5. Sanguineti G, Geara FB, Garden AS, et al.: Carcinoma of the nasopharynx treated by radiotherapy alone: determinants of local and regional control. Int J Radiat Oncol Biol Phys 37 (5): 985-96, 1997. [PUBMED Abstract]
  6. Mendenhall WM, Werning JW, Pfister DG: Treatment of head and neck cancer. In: DeVita VT Jr, Lawrence TS, Rosenberg SA: Cancer: Principles and Practice of Oncology. 9th ed. Philadelphia, Pa: Lippincott Williams & Wilkins, 2011, pp 729-80.
  7. Itami J, Anzai Y, Nemoto K, et al.: Prognostic factors for local control in nasopharyngeal cancer (NPC): analysis by multivariate proportional hazard models. Radiother Oncol 21 (4): 233-9, 1991. [PUBMED Abstract]
  8. Levendag PC, Schmitz PI, Jansen PP, et al.: Fractionated high-dose-rate brachytherapy in primary carcinoma of the nasopharynx. J Clin Oncol 16 (6): 2213-20, 1998. [PUBMED Abstract]
  9. Teo PM, Leung SF, Lee WY, et al.: Intracavitary brachytherapy significantly enhances local control of early T-stage nasopharyngeal carcinoma: the existence of a dose-tumor-control relationship above conventional tumoricidal dose. Int J Radiat Oncol Biol Phys 46 (2): 445-58, 2000. [PUBMED Abstract]
  10. Le QT, Tate D, Koong A, et al.: Improved local control with stereotactic radiosurgical boost in patients with nasopharyngeal carcinoma. Int J Radiat Oncol Biol Phys 56 (4): 1046-54, 2003. [PUBMED Abstract]
  11. Pow EH, Kwong DL, McMillan AS, et al.: Xerostomia and quality of life after intensity-modulated radiotherapy vs. conventional radiotherapy for early-stage nasopharyngeal carcinoma: initial report on a randomized controlled clinical trial. Int J Radiat Oncol Biol Phys 66 (4): 981-91, 2006. [PUBMED Abstract]
  12. Kam MK, Leung SF, Zee B, et al.: Prospective randomized study of intensity-modulated radiotherapy on salivary gland function in early-stage nasopharyngeal carcinoma patients. J Clin Oncol 25 (31): 4873-9, 2007. [PUBMED Abstract]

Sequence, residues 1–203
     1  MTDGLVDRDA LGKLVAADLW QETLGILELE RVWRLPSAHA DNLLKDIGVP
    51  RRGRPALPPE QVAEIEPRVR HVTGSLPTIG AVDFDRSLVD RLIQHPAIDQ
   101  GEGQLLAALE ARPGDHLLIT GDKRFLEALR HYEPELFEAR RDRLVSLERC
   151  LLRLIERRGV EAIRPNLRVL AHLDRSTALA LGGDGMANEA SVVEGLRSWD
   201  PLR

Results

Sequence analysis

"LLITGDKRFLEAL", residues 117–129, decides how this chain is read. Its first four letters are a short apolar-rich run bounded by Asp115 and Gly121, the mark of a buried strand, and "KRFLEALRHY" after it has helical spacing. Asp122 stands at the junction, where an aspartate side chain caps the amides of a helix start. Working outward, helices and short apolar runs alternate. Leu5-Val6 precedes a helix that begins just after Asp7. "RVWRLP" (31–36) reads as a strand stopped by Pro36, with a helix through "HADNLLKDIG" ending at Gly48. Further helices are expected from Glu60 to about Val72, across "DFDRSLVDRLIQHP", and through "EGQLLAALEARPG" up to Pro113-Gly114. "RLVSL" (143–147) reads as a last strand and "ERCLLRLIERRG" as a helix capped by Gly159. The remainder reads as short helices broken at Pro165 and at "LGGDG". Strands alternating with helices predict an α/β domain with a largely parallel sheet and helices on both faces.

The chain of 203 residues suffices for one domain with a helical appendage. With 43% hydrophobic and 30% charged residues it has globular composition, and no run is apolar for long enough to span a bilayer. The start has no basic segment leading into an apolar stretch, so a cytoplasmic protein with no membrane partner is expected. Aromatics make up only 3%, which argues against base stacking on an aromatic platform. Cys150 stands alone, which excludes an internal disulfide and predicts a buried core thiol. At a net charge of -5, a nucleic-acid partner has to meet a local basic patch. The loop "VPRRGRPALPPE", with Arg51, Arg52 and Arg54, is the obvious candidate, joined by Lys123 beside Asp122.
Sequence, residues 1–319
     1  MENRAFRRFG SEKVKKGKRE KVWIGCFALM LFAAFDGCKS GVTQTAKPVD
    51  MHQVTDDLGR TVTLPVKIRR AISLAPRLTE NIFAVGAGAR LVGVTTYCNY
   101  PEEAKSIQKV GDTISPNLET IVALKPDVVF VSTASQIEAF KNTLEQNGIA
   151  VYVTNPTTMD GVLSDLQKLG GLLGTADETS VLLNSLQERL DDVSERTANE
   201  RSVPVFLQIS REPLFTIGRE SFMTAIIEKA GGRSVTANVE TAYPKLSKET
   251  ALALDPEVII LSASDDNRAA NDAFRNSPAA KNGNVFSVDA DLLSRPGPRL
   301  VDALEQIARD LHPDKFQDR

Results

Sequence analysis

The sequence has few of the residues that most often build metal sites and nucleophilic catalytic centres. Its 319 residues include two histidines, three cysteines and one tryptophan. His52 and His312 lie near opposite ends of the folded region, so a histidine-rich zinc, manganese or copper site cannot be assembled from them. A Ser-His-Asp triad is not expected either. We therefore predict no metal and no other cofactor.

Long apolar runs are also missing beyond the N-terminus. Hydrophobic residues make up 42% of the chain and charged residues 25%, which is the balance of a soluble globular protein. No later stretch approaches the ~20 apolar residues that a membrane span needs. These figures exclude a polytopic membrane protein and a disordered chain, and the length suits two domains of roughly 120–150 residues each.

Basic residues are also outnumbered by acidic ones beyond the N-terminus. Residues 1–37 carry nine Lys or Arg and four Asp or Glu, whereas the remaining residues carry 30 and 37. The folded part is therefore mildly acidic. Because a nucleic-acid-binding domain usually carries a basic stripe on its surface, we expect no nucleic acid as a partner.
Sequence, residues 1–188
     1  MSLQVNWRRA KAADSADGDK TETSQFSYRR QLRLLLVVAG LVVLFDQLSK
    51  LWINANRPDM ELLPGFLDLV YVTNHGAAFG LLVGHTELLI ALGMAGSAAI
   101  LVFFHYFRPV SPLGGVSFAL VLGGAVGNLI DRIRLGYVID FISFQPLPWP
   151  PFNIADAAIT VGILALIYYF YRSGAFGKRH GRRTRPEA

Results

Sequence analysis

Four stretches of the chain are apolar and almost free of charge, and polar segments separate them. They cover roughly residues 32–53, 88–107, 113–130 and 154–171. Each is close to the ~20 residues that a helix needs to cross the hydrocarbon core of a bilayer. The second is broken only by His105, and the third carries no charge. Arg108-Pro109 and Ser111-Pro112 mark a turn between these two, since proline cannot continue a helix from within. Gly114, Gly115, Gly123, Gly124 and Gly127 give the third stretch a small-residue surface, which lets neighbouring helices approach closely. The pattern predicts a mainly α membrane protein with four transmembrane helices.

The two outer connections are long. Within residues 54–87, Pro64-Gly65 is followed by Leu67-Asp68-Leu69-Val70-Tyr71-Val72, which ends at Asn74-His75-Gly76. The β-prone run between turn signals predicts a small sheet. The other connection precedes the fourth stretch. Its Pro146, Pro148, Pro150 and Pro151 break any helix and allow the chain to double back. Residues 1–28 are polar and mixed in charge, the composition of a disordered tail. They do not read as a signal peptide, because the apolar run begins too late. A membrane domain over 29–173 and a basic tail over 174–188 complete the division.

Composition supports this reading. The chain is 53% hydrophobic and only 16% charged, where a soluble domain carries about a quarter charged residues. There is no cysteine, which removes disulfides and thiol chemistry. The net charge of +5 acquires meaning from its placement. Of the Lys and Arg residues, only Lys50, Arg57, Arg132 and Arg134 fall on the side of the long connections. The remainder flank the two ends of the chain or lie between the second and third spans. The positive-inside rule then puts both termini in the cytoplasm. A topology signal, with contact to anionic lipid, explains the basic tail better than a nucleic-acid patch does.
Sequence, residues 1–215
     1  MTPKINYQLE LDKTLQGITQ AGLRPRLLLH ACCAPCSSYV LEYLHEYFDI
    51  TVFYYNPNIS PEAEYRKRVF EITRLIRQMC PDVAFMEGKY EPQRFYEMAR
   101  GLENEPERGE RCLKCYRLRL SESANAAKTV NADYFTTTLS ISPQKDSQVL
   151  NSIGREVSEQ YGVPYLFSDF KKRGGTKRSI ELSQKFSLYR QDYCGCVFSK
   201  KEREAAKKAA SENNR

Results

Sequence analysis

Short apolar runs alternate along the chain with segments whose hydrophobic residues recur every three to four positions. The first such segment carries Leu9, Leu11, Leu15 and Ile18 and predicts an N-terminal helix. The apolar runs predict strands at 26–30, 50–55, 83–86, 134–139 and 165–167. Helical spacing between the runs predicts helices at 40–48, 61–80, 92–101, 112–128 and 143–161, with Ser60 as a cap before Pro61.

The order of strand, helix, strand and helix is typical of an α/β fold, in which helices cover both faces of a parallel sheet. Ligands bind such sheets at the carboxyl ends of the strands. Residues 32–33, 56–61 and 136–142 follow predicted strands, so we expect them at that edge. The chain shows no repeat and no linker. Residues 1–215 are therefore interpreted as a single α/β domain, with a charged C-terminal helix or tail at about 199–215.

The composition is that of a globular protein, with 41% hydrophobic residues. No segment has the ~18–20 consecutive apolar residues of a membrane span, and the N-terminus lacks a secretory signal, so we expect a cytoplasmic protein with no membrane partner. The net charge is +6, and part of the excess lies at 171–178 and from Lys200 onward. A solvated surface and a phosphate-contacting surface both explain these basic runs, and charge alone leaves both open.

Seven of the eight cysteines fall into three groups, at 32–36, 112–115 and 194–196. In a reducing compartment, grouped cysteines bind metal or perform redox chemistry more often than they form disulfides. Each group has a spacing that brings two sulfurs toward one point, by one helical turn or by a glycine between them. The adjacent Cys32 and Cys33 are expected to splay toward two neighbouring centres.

13. Lee N, Harris J, Garden AS, et al.: Intensity-modulated radiation therapy with or without chemotherapy for nasopharyngeal carcinoma: radiation therapy oncology group phase II trial 0225. J Clin Oncol 27 (22): 3684-90, 2009. [PUBMED Abstract]
  14. Turner SL, Tiver KW, Boyages SC: Thyroid dysfunction following radiotherapy for head and neck cancer. Int J Radiat Oncol Biol Phys 31 (2): 279-83, 1995. [PUBMED Abstract]
  15. Constine LS: What else don't we know about the late effects of radiation in patients treated for head and neck cancer? Int J Radiat Oncol Biol Phys 31 (2): 427-9, 1995. [PUBMED Abstract]
  16. Tate DJ, Adler JR Jr, Chang SD, et al.: Stereotactic radiosurgical boost following radiotherapy in primary nasopharyngeal carcinoma: impact on local control. Int J Radiat Oncol Biol Phys 45 (4): 915-21, 1999. [PUBMED Abstract]
  17. Lu JJ, Shakespeare TP, Tan LK, et al.: Adjuvant fractionated high-dose-rate intracavitary brachytherapy after external beam radiotherapy in Tl and T2 nasopharyngeal carcinoma. Head Neck 26 (5): 389-95, 2004. [PUBMED Abstract]
  • Updated: July 31, 2014